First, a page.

NEW YORK — True to form, an autocratic executive wrapping up a real estate deal is trying to wiggle out of paying contractors. The project, a gleaming, fortified executive residence and business headquarters, is a veritable castle in the sky. His idea was to get all his subordinates — including his aggrieved wife, obsequious family members and a dirty trickster — under one roof so he can better control them as he continues enhancing his dominion and power.
Power and Love: What We Can All Learn From Wagner's 'Ring'
Not so fast. It’s actually the gist of Wagner’s “Ring” cycle, which the Metropolitan Opera is presenting — in a retooled revival of Robert Lepage’s intensely-debated production of the four-opera epic — through May 11.
Since the first complete “Ring” production inaugurated the Bayreuth Festival in Germany in 1876, Wagner’s saga has been milked for its perceived politics. Early audiences saw echoes of revolutionary currents that had swept 19th-century Europe. The work was soon seized upon to support various ideological agendas: a Marxist narrative of class struggle; an allegory of environmental degradation at the hands of rapacious industrialists; a multigenerational drama about a dysfunctional royal family.
The “Ring” has also been viewed as a cautionary tale of a power-hungry ruler — or mogul — who goes too far. Modern stagings that present Wagner’s flawed hero, the god Wotan, as if he were the chief executive of the Valhalla Corp. have become almost commonplace.
In this divisive moment in American politics, the “Ring” may feel newly relevant, epitomized by Michael Cohen, the former lawyer for President Donald Trump, pointing to himself during recent congressional hearings, warning of what can happen when you are dazzled by power.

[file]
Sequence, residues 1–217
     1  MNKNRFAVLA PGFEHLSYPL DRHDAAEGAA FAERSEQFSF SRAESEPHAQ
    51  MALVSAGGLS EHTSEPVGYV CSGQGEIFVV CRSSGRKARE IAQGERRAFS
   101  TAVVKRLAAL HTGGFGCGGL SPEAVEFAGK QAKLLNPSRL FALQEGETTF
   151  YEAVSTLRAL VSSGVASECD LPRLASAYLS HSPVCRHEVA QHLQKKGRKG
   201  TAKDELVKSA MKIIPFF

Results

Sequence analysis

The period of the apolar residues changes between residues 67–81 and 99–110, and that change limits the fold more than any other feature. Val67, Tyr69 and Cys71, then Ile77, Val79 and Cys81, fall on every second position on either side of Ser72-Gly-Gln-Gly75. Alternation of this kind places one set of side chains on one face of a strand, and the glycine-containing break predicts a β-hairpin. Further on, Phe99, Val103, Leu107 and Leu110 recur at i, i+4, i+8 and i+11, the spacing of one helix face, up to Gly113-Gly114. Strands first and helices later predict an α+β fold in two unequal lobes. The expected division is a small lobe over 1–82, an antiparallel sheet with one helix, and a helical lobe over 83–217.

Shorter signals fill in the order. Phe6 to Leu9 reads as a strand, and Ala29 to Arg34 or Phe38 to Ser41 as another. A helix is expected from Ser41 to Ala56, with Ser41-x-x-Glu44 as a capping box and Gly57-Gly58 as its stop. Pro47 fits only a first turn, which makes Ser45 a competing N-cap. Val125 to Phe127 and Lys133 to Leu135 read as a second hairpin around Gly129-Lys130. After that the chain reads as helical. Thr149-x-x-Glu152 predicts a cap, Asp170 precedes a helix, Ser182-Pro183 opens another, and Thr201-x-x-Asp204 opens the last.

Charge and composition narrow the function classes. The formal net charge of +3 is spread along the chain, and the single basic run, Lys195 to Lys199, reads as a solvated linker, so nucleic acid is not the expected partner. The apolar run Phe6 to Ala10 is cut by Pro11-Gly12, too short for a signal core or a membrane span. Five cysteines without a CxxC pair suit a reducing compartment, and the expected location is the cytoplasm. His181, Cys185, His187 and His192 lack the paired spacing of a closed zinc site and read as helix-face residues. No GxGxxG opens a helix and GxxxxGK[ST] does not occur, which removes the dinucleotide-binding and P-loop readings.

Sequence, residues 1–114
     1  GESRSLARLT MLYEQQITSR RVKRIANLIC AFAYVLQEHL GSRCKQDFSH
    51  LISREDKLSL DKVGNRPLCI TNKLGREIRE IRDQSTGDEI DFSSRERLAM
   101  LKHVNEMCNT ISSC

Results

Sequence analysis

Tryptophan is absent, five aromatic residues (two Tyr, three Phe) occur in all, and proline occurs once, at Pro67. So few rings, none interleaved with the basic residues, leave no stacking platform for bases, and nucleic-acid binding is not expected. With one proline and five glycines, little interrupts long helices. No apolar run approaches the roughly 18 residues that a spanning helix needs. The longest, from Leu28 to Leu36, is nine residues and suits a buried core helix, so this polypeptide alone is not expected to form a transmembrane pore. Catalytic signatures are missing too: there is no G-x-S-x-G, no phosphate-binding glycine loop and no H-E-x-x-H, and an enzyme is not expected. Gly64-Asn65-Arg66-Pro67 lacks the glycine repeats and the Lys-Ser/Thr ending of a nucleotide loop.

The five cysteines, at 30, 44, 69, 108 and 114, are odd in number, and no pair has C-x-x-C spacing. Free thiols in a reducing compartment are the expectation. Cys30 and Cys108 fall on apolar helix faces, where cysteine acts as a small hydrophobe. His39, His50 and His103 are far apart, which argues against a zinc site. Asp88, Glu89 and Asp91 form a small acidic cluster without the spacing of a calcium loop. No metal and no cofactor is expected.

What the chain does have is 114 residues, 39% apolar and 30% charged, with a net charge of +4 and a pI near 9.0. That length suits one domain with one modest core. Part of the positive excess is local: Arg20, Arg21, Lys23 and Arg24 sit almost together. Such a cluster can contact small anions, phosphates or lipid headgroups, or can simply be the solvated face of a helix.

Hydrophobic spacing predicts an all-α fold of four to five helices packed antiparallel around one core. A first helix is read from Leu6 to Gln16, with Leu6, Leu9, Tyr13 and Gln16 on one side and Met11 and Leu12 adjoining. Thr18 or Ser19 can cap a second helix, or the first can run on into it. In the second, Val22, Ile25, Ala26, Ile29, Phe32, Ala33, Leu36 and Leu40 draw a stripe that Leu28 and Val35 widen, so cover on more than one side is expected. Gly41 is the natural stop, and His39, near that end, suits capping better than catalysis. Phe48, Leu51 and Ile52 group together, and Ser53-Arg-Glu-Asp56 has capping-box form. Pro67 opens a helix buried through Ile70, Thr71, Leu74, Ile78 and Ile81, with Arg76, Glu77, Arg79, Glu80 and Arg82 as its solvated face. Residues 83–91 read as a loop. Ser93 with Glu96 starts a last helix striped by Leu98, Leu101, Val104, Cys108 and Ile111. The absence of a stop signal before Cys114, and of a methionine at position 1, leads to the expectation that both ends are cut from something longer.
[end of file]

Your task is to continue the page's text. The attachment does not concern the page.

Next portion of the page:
For one, the “Ring” depicts a world that functions through a codified system of checks and balances and agreed-upon norms. Wotan, though the head god and patriarch, is not all-powerful. He must contend with a sort of Cabinet of sub-gods with their own areas of authority. But he has stacked his regime with cronies and has brazenly flouted the standards and protocols meant to rein in executive overreach.
It’s a crucial plot element, and not simply a costume accouterment, that Wotan carries with him at all times a staff that has the runes (the codes of his realm, like the articles of a constitution) carved into the wood — a symbol, and perhaps the source, of his power. Of course, this imperious ruler cites a particular rune when it serves him and simply ignores those that prove inconvenient.
Another strand of the myth that may leap out today concerns the way the personal becomes the political in the life of a ruler like Wotan. The “Ring” has been interpreted as an allegory about the relationship between power and love, and the difficulty of obtaining both in one’s life. That’s the way I see it.
It’s crucial that the secret to the magic gold the three Rhinemaidens keep safe in the depths of the river involves a choice, in effect, between power and love: Anyone who renounces love and takes the gold can fashion a ring from it and become master of the universe. Wotan craves both power and love, a tension that plays out poignantly in his relationship with Fricka, his exasperated (and childless) wife. But it’s Alberich the dwarf who acts first.